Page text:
Technologically possible, data-driven, and worthy of our investment
In the recent issue of EMBO reports, Barbara Han of the Cary Institute of Ecosystem Studies and John Drake of the University of Georgia Odum School of Ecology call for the creation of a global early warning system for infectious diseases. Such a system would use computer models to tap into environmental, epidemiological and molecular data, gathering the intelligence needed to forecast where disease risk is high and what actions could prevent outbreaks or contain epidemics.
An early warning system would shift the infectious disease paradigm from reactive — where first responders scramble to contain active threats, as in the recent Ebola and Zika outbreaks — to pre-emptive management of risk. Infectious disease intelligence could assess vulnerabilities based on the ebb and flow of risk in real-time, and inform targeted responses that minimize damages.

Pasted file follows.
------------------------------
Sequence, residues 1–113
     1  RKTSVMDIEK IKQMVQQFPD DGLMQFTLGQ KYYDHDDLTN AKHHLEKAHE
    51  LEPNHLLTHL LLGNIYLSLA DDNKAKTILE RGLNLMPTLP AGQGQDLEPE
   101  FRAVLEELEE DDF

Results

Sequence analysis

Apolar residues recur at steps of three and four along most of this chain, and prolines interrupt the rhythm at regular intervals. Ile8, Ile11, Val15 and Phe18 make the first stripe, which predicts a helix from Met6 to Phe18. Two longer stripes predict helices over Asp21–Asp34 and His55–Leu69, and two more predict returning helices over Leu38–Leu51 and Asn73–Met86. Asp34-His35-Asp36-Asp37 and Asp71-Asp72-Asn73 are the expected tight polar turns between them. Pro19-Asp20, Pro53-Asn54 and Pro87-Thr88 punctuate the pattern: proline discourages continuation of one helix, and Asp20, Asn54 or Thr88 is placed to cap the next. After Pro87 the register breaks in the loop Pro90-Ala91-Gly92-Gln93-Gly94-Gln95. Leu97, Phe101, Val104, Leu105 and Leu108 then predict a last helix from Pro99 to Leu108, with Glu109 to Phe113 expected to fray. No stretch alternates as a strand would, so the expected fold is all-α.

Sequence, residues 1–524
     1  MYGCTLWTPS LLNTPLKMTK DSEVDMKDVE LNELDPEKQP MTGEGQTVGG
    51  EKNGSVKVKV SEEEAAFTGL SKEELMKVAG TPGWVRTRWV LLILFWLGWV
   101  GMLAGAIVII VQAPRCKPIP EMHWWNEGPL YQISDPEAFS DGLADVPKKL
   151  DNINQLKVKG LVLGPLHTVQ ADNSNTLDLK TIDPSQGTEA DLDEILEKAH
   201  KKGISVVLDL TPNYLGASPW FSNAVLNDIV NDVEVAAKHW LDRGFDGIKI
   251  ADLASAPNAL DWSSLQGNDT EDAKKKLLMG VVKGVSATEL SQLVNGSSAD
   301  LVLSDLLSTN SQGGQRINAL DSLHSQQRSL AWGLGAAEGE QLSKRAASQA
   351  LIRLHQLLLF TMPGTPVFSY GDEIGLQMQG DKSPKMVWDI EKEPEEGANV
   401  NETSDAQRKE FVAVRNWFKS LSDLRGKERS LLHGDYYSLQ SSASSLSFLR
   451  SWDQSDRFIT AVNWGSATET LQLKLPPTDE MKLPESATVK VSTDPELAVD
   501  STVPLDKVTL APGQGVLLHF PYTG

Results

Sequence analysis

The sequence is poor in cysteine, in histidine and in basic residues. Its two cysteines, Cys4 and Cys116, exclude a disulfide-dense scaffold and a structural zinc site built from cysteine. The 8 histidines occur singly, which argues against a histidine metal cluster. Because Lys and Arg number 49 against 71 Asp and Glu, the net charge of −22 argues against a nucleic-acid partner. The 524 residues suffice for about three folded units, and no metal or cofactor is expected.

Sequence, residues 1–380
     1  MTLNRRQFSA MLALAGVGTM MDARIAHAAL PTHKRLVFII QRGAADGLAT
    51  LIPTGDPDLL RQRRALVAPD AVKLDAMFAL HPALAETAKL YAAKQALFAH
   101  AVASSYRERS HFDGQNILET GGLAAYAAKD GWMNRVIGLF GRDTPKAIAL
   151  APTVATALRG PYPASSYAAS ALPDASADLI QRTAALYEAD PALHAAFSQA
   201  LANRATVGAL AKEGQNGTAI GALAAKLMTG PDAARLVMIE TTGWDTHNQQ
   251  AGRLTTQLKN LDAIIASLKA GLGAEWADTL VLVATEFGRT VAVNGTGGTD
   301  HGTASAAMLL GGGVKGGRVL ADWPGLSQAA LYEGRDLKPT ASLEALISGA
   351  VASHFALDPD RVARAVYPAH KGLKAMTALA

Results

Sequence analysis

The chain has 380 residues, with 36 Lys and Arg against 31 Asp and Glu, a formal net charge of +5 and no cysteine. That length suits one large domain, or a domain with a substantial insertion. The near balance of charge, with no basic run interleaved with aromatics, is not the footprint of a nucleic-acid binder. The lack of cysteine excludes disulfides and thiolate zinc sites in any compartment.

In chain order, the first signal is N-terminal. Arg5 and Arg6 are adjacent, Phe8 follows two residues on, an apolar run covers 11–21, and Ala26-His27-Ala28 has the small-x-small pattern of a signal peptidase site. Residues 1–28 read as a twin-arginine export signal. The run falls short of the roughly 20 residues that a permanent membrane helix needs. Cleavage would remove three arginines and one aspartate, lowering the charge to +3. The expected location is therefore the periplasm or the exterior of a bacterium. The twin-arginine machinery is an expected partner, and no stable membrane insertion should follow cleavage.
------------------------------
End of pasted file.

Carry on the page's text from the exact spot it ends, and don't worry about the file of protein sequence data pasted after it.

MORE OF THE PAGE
“For far too long our main strategy for tackling infectious disease has been defense after emergence, when a lot of people are already suffering,” Han explained, “We are at an exciting point in time where technology and Big Data present us with another option, one that is anticipatory and has real potential to improve global health security.”
Han and Drake propose that a three-tiered system with “watches,” “warnings” and “emergencies” — like that used for severe weather alerts — would help decision makers and the public to make more informed decisions.